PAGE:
1 of 2
Alastair Grant, Associated Press
Pam Duggan, center, mother of Mark Duggan who was shot by police in north London in 2011, cries outside the Royal Courts of Justice following the verdict from the inquest into her son's death Wednesday, Jan. 8, 2014. Jurors at London's High Court have found by a majority of eight to two that 29-year-old Mark Duggan was "lawfully killed" when he was shot dead by a police marksman in the north London neighborhood of Tottenham.

LONDON — An inquest jury Wednesday largely vindicated London police over a fatal shooting that set off a wave of rioting across England, finding that officers acted lawfully when they shot 29-year-old Mark Duggan through the chest.

The jurors' decision — by a majority of eight to two — could play a critical role in shaping the nation's understanding of the riots more than two years ago, the worst civil unrest to hit England in a generation.

One of the central questions in this case related to whether Duggan had a gun, and whether it was on him, when he was killed by police. A pistol was recovered a few meters (yards) from the scene. The officer who shot Duggan said he was sure the gun was in Duggan's hand as he opened fire, but Duggan's supporters insist he was unarmed.

The jury found by a majority of eight to two that Duggan did not have a gun in his hand when he was shot. Crucially, however, it found that officers at the scene genuinely believed Duggan was armed when they killed him.

Duggan's family insisted that justice had not been done.

"The family are in a state of shock ... They can't believe that this has been the outcome," family lawyer Marcia Willis Stewart said. "No gun in his hand and yet he was killed — murdered as they have said — no gun in his hand."

One family member shouted an obscenity at jurors as they left the court. Outside the courthouse, supporters chanted "no justice, no peace" and nearly drowned out a police press statement.

Authorities said policing in the capital was proceeding as usual following the decision.

The riots began the day after Duggan's death on Aug. 4, 2011. A days-long wave of looting, fighting, and arson caused hundreds of millions in property damage and killed five people — three of whom were run over by a car while trying to protect their shops.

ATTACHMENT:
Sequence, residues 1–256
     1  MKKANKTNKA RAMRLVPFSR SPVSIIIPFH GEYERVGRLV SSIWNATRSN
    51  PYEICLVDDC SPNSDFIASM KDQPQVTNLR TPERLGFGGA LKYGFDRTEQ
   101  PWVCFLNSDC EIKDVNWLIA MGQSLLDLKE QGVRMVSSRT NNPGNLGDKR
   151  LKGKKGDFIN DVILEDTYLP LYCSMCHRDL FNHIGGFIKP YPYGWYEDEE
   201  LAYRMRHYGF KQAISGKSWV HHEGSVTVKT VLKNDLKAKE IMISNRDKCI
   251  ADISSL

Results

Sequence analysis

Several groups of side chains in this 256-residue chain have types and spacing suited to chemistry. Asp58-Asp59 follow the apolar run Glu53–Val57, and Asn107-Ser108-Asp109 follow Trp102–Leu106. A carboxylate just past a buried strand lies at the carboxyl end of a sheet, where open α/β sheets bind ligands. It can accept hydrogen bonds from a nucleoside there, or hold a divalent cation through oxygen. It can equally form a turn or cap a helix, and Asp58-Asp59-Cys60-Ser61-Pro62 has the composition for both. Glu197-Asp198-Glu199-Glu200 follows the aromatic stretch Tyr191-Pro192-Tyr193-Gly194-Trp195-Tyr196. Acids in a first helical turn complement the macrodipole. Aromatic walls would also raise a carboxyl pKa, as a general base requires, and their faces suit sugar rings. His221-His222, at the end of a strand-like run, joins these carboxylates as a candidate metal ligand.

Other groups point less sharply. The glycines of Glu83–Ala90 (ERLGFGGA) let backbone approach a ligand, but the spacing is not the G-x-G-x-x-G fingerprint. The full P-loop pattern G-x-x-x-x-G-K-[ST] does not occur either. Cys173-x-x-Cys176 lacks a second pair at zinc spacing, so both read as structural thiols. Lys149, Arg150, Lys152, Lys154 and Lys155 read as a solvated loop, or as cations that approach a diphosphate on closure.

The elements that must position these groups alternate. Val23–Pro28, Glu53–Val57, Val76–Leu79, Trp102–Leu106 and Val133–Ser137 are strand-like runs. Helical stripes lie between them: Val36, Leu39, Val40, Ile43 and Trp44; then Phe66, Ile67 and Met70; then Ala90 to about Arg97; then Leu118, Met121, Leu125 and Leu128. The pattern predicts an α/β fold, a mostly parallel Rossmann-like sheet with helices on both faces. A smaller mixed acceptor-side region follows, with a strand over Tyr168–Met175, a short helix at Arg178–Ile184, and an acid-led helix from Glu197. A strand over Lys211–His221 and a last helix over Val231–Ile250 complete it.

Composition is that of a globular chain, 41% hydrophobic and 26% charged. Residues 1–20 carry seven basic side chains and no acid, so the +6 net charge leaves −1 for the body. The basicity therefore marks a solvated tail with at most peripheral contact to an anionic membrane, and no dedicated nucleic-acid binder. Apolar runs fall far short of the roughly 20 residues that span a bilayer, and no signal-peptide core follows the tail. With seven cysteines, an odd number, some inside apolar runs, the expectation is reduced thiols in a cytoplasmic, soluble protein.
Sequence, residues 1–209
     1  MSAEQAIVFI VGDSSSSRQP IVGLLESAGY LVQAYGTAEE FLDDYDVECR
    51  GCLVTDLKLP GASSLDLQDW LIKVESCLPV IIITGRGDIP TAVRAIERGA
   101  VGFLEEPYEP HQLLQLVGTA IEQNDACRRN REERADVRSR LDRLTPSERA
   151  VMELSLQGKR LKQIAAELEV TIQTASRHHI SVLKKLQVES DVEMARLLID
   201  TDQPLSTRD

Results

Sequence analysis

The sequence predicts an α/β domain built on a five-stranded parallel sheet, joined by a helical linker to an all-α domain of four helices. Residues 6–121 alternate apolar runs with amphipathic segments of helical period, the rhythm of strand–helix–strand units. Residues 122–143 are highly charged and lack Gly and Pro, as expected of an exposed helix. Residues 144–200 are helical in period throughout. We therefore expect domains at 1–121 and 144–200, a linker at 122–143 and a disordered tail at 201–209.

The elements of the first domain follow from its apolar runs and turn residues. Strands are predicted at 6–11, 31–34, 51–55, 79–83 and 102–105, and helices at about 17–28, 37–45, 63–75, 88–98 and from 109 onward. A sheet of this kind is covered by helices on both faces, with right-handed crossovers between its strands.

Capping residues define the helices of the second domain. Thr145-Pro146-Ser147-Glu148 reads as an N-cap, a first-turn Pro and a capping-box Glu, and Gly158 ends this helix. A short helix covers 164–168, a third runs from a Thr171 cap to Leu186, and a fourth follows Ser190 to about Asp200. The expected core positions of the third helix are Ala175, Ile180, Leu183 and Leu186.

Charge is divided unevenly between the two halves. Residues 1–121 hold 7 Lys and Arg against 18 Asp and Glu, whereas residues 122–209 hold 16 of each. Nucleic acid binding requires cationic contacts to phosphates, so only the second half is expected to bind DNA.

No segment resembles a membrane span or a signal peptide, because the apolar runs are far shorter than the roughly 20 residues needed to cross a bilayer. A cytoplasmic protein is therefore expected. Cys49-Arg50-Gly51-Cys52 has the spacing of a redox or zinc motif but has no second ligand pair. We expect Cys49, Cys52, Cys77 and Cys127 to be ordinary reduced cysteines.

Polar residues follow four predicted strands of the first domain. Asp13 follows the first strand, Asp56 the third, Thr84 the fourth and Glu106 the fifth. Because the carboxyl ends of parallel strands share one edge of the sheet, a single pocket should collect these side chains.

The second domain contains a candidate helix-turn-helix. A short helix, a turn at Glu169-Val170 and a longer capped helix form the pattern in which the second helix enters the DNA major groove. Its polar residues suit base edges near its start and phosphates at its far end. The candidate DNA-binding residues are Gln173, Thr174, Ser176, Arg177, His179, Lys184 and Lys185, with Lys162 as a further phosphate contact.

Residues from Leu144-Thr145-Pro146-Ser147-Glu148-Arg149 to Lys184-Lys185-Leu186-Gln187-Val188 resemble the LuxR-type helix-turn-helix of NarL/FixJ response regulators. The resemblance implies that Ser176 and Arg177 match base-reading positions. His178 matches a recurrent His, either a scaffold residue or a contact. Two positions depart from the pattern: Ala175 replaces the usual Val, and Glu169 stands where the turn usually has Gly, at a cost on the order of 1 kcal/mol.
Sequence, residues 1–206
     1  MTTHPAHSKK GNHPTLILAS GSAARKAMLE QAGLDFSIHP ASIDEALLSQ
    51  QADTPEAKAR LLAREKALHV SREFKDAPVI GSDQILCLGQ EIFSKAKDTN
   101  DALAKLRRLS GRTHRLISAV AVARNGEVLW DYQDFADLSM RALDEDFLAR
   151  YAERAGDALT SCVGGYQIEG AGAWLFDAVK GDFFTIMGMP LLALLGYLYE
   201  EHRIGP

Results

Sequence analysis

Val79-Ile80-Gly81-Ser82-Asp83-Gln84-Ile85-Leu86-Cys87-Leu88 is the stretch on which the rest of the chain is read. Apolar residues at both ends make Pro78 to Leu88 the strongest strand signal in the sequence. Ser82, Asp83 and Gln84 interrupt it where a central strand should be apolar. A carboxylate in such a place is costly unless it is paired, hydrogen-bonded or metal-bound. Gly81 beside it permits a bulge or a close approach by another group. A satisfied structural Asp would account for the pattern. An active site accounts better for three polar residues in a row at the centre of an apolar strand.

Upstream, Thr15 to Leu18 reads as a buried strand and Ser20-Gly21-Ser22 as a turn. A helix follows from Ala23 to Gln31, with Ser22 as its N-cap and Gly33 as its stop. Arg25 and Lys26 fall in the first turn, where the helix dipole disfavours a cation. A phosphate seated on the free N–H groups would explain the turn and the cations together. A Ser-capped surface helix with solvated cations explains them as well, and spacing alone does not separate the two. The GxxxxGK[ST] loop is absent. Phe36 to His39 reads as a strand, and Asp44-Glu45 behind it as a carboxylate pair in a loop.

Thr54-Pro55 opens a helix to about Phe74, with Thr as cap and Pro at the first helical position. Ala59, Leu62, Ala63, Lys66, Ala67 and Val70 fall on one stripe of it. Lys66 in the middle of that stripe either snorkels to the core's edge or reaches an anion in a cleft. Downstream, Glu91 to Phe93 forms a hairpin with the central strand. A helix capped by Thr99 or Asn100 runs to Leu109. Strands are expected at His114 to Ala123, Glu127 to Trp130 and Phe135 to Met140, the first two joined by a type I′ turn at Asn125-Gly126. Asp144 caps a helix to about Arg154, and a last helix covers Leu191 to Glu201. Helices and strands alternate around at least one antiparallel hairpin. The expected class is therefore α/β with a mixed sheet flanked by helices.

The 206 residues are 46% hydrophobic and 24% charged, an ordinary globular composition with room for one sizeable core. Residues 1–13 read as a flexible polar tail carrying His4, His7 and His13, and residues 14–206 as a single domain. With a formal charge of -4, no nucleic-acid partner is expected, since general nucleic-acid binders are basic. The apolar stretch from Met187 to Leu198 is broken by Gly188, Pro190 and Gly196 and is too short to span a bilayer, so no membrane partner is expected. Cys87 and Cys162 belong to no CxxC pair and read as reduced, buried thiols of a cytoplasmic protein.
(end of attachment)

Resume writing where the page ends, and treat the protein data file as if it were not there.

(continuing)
Images of masked youths raiding department stores, of massive fires, and of police skirmishes shocked the country a year ahead of the Olympic Games.

Some argued that Duggan's death amounted to the murder of an unarmed man, and that anger over what they called an unjustified killing had tapped a country-wide undercurrent of rage over unemployment, inequality, and police abuses.

Others portrayed the rioters as opportunistic criminals, using outrage over the death of a gangland figure as an excuse to indulge in looting and mayhem.

Police and other officials came under scrutiny over their role in the killing in part because they didn't properly notify Duggan's family of the death and because misleading briefings led journalists to wrongly believe Duggan had shot at officers before being killed.

After allegations of cover-up and foot-dragging, an inquest was finally opened on Sept. 16, hearing testimony from roughly 100 people, including witnesses, pathologists and police officers.

Inquests are held in Britain to investigate violent or unexplained deaths, and even though they don't rule on guilt or innocence, they often play an important role in establishing the facts surrounding controversial cases.

The anger continued to boil as Metropolitan Police Assistant Commissioner Mark Rowley attempted to read out a statement in front of court. It was largely drowned out by cries of "liars" and "scum."